Carol LaFayette-Boyd Named 2022 World Masters Athlete of the Year

By Brit Dort, CTV News Regina

Regina’s 80-year-old Carol LaFayette-Boyd has been named the 2022 World Masters Athlete of the Year. LaFayette-Boyd won the same honour in 2018.

“It’s almost like I know other people that I thought deserved it, and I think ‘now why don’t they get it?,’” LaFayette-Boyd said on the news of receiving the honour for the second time.

Masters Athletics is a class of sport athletics for those aged 35 or older. Athletes can compete in track and field, road running and cross country. The competitors are put into five-year age categories.

“I didn’t even know there were Masters athletes until 1992 actually, I was turning 50 and the Canadian Masters Games were going to be in Regina. My husband and I had been trying to run a mile and just trying to stay in shape. I looked at these games and there was track and field for 50 plus, and I was turning 50 that year so I thought ‘This is what I will do’,” she said.

“If it’s in my hometown, I won’t have to travel, I won’t waste any money if I make a fool of myself.”

LaFayette-Boyd then went on to break multiple world records at the age of 76 and once again when she reached the 80 plus category. In 2022 she broke the outdoor world track and field records for the 100 metre, 200 metre, Long Jump and Triple Jump. She also broke the indoor track and field records for Long Jump and 60 metre.

“The biggest lesson I’ve learned is that I need to take care of myself. Every day I get up, I ride my bike, I read my Bible, do my stretching and I do the elliptical,” LaFayette-Boyd said.

“It doesn’t matter how well you do or don’t do. If you just get out there and keep fit and healthy, that’s what’s important.”

LaFayette-Boyd trains under Chadon Dorsch, the head coach of Excel Athletika.

“She’s been an inspiration to all of us and all of the young kids that we have coming up.

To have somebody of her age and caliber is absolutely amazing,” Dorsch said.

“For me being 46 and coaching an 80-year-old and she listens to me, that’s fantastic,” he laughed. “Our goal is to make our athletes better and get them to the goals they want to achieve. It doesn’t matter what age you are, it doesn’t matter what skill set you are. Everybody’s proud of somebody making that kind of accomplishment. I absolutely love training her.”

Another Masters athlete that trains alongside LaFayette-Boyd is 69-year-old Selina Coward. The two call themselves a dynamic duo because they help push one another to stay healthy and reach new heights in the sport.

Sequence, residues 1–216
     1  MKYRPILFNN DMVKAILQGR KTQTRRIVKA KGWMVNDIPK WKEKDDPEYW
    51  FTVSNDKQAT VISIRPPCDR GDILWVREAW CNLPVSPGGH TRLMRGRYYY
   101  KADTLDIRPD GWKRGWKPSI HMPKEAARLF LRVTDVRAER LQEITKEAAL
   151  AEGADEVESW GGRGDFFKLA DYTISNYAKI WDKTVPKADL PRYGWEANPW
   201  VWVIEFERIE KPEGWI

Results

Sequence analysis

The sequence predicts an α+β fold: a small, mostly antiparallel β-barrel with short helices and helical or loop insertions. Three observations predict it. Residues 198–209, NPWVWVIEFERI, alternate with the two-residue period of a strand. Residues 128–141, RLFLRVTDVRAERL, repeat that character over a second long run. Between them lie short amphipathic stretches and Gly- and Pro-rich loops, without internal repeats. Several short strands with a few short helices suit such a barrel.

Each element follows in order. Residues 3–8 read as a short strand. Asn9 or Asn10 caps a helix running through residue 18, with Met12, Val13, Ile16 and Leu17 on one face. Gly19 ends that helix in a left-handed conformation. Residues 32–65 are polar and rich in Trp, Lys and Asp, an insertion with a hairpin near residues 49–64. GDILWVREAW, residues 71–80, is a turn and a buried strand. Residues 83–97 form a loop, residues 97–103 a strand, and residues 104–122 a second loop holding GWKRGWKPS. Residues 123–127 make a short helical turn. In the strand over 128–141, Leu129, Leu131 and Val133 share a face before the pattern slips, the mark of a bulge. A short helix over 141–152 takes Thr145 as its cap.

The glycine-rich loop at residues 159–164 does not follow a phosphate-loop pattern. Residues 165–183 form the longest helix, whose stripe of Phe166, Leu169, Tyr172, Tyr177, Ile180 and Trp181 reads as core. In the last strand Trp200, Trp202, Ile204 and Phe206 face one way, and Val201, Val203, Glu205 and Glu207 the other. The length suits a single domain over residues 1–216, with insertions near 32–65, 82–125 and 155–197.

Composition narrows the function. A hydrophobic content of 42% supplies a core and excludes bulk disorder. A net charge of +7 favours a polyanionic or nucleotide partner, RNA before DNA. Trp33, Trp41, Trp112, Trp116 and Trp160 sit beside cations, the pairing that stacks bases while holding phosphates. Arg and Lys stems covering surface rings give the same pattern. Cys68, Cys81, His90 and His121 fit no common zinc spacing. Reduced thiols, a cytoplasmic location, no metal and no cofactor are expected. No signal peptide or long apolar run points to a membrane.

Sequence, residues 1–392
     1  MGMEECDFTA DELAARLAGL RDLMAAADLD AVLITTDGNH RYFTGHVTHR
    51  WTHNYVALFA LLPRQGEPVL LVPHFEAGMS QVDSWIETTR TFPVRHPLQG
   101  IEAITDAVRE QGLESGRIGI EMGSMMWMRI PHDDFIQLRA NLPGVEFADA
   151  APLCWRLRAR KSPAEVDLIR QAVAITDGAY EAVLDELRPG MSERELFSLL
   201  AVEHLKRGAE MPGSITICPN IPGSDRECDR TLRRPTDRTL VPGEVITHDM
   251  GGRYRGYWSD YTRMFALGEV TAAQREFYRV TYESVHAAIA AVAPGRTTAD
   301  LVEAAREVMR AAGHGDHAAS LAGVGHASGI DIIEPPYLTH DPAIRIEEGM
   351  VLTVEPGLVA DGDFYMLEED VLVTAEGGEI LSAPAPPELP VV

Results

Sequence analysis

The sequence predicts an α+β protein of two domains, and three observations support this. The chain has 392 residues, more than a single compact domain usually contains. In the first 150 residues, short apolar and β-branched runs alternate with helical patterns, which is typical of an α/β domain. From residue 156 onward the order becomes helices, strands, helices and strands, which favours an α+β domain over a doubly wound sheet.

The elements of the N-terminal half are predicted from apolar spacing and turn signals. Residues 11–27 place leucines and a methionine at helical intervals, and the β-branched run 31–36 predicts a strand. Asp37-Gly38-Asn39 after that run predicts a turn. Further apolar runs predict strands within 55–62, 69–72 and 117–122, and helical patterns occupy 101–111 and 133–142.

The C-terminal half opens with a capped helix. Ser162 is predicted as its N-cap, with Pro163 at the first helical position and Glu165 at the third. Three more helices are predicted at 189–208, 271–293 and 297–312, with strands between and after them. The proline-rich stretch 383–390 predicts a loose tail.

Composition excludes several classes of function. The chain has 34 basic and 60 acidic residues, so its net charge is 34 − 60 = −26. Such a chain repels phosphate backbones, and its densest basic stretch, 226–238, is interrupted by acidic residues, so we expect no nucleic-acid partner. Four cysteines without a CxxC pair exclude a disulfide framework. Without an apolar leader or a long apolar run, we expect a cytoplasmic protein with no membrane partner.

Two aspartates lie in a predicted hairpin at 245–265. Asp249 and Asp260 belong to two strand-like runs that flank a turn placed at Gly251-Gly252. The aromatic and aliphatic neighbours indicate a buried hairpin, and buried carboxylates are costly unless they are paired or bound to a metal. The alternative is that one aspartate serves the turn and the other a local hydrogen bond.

“Carol props up my tree when I don’t feel good or if I’m not healthy that day. She pulls me along and it’s the same with her. When she doesn’t feel good or she’s got something on her plate. We talk to each other and we help each other out,” Coward said.

Coward enjoys the sport because she said it makes her feel healthy and strong, among other perks.

“I get mistaken for a 45-year-old which really helps me a lot and people come up to me and say, ‘I’ve seen you working out, how can I do this? ’I’ve offered to help out and give them a hint or two. If I see someone needs help, I don’t hesitate,” Coward said.

The two train amongst the club’s younger athletes every week.

“Right now we’re coming Monday and Wednesday nights and Saturday morning. It’s really supposed to be an hour and a half. But we usually end up two hours because we start early to keep up with these kids,” said LaFayette-Boyd.

Despite the fact LaFayette-Boyd has broken multiple records and earned a world-class honour for the second time, she is nowhere near finished when it comes to her career.

“Right now we [Masters Athletics] have three 106-year-old women. One in India and two in the United States. So that’s my goal, 26 [more] years.”

“I think there’s only one thing that I would really like to happen and that’s to get into the Saskatchewan Sports Hall of Fame. Then I think I can relax and I don’t have to collect any more medals or do anything else. But in order to get there, they say you have to retire and I won’t be retiring for at least 26 years.”

Article courtesy of CTV News Regina –